Tom Marchant [2:29]: Yeah, Black Tomato, tomato. It's funny, I lived in the States for six years, and when I was in New York, I would introduce myself and say, I own Black Tomato, and that would always prompt a, "Oh, that's funny. He doesn't say tomato." After a while, I'd end up saying tomato, but then they thought that was funny, seeing a British guy trying to say tomato. I couldn't really win. But Black Tomato, Tomato. It's a luxury travel company; I started it with two partners nearly 20 years ago now in London. And it was set up around the insight that travel should all be about the experience and the pursuit of feeling. Myself and my partners, we traveled a lot when we were younger together. We met at college and we'd go for these great adventures. And often before we started the adventure, we didn't necessarily know where we wanted to go, but we knew how we wanted to feel. So then we'd do research and try and find experiences that would deliver that for us. It was around that type of travel that the idea for starting a business dedicated to that was born. We started in London. It was catering, and still does, to a discerning, globally-located, curious audience of thirsty travelers. It grew, luckily for us, quite quickly in London. Then significantly, about five years into it, we started getting a lot of pickup in the USA. Then I've seen rapid growth there; as I mentioned, I then moved to New York, where I was there for five years. I was then in Los Angeles for a year before coming back to London, when my wife and I had our first child. But we have so many USA-based customers, it's really become the heartland of our business. Having spent a long time in that magnificent country, it's a delight that we have a large team in the US, and so many fantastic customers over there. I'm in New York probably once a month, throughout the week, so I get to have the best of both worlds. I have a great time living in London, and I get to get my New York fix every month or so, which is wonderful.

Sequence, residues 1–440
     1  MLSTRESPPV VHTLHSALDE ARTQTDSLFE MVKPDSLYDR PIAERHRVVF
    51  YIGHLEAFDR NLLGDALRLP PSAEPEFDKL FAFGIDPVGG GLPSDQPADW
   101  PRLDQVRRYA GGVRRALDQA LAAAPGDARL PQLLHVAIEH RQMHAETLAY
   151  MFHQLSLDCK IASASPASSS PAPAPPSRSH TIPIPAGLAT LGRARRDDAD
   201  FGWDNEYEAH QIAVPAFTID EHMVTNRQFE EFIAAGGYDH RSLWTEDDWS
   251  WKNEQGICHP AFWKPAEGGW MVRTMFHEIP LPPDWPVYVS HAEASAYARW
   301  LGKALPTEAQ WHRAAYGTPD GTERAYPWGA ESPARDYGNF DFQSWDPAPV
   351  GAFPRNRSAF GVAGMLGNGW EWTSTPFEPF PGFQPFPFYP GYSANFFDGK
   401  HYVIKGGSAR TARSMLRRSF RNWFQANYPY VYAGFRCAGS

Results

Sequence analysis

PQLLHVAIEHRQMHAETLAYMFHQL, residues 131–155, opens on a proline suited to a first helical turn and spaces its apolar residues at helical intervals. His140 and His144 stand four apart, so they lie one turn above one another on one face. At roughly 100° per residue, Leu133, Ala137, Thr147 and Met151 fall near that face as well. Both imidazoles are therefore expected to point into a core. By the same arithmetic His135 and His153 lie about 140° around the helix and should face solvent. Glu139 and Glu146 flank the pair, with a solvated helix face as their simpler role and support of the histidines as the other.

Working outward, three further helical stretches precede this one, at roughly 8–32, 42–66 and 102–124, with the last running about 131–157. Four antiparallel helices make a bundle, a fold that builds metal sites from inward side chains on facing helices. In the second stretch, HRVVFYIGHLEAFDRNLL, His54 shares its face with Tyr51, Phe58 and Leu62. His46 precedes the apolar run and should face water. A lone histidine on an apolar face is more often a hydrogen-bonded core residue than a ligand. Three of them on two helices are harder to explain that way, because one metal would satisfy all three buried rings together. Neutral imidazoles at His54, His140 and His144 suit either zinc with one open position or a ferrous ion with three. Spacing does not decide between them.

Mark Lapidus [4:10]: What inspired the name?